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Playing the numbers game

1. Jack Brown realizes that the first thing he must do is compare the liquidity, leverage, activity, and profitability ratios of the two companies. Using the income statement and balance sheet data shown in Tables 1-4 prepare a detailed comparison report indicating the strengths and weaknesses of each company.
2. Jay Singh, a recently hired intern, has suggested to Jack that he should include an analysis of common size statements in the report. Is Jay right? Of what use is such an analysis? Please prepare common size balance sheets and income statements for Plastichem and DCM Molding and discuss your findings.
3. Jay has also recommended that a DuPont analysis be done. How can such an analysis be performed and what information does it indicate about the relative performance of the two companies?
4. What are some of the limitations regarding the various analyses that have been suggested above? What additional data would Jay and Jack need to improve their findings? Are there any other calculations and comparisons that would be helpful? Please explain.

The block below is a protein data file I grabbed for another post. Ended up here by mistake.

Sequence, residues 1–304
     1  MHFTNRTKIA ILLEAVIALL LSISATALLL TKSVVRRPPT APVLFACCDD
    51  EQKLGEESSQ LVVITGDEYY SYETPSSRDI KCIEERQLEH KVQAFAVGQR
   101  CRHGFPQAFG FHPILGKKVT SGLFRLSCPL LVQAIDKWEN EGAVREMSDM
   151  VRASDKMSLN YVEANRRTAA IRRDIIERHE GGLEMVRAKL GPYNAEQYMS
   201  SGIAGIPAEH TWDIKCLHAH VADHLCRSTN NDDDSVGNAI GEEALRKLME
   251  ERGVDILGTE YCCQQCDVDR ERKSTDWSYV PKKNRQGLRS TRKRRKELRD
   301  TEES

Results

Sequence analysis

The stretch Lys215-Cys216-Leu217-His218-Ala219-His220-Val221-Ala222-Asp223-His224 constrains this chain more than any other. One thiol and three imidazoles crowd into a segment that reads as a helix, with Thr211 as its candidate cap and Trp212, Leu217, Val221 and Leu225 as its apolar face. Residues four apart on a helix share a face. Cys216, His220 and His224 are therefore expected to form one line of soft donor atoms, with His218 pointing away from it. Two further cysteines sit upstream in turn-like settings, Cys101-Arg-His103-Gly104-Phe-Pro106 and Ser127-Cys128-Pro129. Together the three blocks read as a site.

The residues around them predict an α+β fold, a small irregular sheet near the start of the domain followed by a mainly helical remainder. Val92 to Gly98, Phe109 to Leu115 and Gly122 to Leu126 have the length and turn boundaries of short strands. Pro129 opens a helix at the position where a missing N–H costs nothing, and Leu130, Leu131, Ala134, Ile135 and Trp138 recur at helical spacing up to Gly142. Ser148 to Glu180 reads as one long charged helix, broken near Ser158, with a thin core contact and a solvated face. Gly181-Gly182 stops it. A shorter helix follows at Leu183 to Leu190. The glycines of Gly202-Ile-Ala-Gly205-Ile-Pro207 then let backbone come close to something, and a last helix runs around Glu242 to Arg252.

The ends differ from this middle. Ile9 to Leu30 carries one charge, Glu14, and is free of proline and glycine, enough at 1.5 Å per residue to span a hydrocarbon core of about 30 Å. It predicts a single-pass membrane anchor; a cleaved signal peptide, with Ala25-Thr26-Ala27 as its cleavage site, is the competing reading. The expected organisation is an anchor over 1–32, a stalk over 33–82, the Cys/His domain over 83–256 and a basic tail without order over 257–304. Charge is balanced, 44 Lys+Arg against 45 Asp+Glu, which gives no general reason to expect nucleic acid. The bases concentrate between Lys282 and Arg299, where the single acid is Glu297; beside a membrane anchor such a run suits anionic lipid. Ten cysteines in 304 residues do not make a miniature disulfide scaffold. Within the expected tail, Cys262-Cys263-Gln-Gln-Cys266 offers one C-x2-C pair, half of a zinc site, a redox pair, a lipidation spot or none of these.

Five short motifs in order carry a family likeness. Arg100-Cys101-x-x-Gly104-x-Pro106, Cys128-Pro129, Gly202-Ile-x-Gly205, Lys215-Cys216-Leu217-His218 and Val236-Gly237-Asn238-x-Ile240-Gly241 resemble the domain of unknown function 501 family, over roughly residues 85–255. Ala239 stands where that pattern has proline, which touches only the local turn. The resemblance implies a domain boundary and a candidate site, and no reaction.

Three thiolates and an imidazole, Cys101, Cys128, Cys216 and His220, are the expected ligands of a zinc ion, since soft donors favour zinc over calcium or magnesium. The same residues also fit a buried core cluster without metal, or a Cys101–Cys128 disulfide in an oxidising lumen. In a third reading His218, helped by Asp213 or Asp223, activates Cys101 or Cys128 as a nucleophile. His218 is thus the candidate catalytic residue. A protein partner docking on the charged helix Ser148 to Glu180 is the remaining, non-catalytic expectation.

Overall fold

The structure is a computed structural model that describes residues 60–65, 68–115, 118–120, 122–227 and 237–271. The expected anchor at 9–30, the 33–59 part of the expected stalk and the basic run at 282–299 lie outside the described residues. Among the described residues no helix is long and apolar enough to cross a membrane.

5. After collecting, compiling, and analyzing the data, what conclusions and recommendations would Jack be justified in making in his report to Andrew?
6. In your opinion, how acute is the problem facing Plastichem, Inc.? What strategic moves do you think Andrew could make to alleviate the problems?
7. How accurate are the analysts in their recommendations of the two firms?

See attached file for full problem description.

Case 3: DuPont Analysis: Playing the Numbers Game!

"Numbers! I need to see numbers!" exclaimed Andrew in response to comments made by the assistant vice-president of Finance, Jack Brown. Andrew Sullivan, the President and Chief Executive Officer of Plastichem Inc., had been instrumental in significantly increasing the company's size during his first five years in office. He spearheaded some successful marketing campaigns and revamped the production facilities by adopting the latest technology in injection molding. He also implemented various cost-cutting measures and introduced performance plans to boost efficiency. Foremen and supervisors were offered stock option incentives, and bonuses were tied to earnings per share (EPS) growth.